The sibling relationship has an important impact on children’s emotional functioning, but it is yet unclear whether and how sibling relationship quality affects adolescent depressive symptoms over time. This study contributes to existing knowledge by examining the relative importance of three aspects of sibling relationship quality (i.e., support, conflict and power balance) on the one hand and sibling depressive symptoms on the other hand in predicting adolescent depressive symptoms over time. Additionally, this study examined whether these influence patterns were moderated by perceived sibling relationship quality and by dyadic gender composition. Across six annual waves, 412 Dutch adolescents (57% boys; M age = 12.34 years) and their older siblings (47% boys; M age = 15.36 years) reported on depressive symptoms and sibling relationship quality. Cross-lagged panel analyses showed that only sibling depressive symptoms and not perceived relationship quality predicted adolescent depressive symptoms one year later. This effect was not moderated by sibling relationship quality or gender composition. These results indicate that sibling depressive symptoms may be a risk factor for adolescent depressive symptoms.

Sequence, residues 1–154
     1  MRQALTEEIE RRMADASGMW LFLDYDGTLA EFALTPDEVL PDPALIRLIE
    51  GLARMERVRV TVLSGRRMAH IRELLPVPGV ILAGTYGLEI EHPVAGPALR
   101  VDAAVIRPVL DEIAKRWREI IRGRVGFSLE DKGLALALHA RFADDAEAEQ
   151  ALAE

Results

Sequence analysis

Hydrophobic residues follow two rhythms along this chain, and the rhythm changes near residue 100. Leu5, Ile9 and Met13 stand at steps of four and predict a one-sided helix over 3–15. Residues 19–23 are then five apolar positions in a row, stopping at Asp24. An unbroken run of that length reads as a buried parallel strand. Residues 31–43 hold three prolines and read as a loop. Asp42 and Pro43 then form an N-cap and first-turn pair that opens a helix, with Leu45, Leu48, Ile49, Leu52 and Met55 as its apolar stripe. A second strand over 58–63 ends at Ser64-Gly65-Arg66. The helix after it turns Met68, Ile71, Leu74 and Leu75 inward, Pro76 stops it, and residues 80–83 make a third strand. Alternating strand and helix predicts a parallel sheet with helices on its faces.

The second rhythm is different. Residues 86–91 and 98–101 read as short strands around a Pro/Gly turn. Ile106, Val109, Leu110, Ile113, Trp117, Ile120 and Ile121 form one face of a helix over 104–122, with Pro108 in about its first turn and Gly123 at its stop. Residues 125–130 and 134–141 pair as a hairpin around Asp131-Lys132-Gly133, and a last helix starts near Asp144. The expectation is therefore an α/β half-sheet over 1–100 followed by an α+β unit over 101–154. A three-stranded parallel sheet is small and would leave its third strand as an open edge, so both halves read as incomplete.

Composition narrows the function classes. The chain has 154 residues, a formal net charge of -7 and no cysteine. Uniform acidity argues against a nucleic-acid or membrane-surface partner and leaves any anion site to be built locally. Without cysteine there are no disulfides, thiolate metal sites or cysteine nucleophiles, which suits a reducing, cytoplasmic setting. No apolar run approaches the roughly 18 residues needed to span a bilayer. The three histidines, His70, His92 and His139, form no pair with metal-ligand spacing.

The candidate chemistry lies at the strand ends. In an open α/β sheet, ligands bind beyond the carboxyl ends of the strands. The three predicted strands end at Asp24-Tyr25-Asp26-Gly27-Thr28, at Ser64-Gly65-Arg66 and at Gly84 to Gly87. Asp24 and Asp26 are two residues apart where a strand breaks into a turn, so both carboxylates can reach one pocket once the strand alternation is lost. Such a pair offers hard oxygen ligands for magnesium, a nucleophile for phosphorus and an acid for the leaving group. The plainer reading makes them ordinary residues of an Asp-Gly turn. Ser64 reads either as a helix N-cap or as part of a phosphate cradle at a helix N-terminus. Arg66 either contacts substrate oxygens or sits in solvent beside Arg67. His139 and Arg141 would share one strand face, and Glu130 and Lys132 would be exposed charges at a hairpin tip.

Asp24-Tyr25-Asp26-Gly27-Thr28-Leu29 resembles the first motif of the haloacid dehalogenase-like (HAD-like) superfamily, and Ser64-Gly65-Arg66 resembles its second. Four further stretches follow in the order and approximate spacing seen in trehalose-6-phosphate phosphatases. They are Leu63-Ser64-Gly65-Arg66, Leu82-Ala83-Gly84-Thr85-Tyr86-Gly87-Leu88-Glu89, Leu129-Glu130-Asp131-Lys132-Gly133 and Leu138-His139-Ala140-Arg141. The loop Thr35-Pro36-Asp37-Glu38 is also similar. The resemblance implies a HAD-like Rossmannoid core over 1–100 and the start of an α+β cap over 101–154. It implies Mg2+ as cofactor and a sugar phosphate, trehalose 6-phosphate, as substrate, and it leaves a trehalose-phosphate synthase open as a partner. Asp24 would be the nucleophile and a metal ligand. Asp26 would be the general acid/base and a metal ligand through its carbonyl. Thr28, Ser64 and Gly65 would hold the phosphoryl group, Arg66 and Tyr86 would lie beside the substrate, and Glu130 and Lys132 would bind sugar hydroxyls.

- Depressive symptoms
- Sibling relationship quality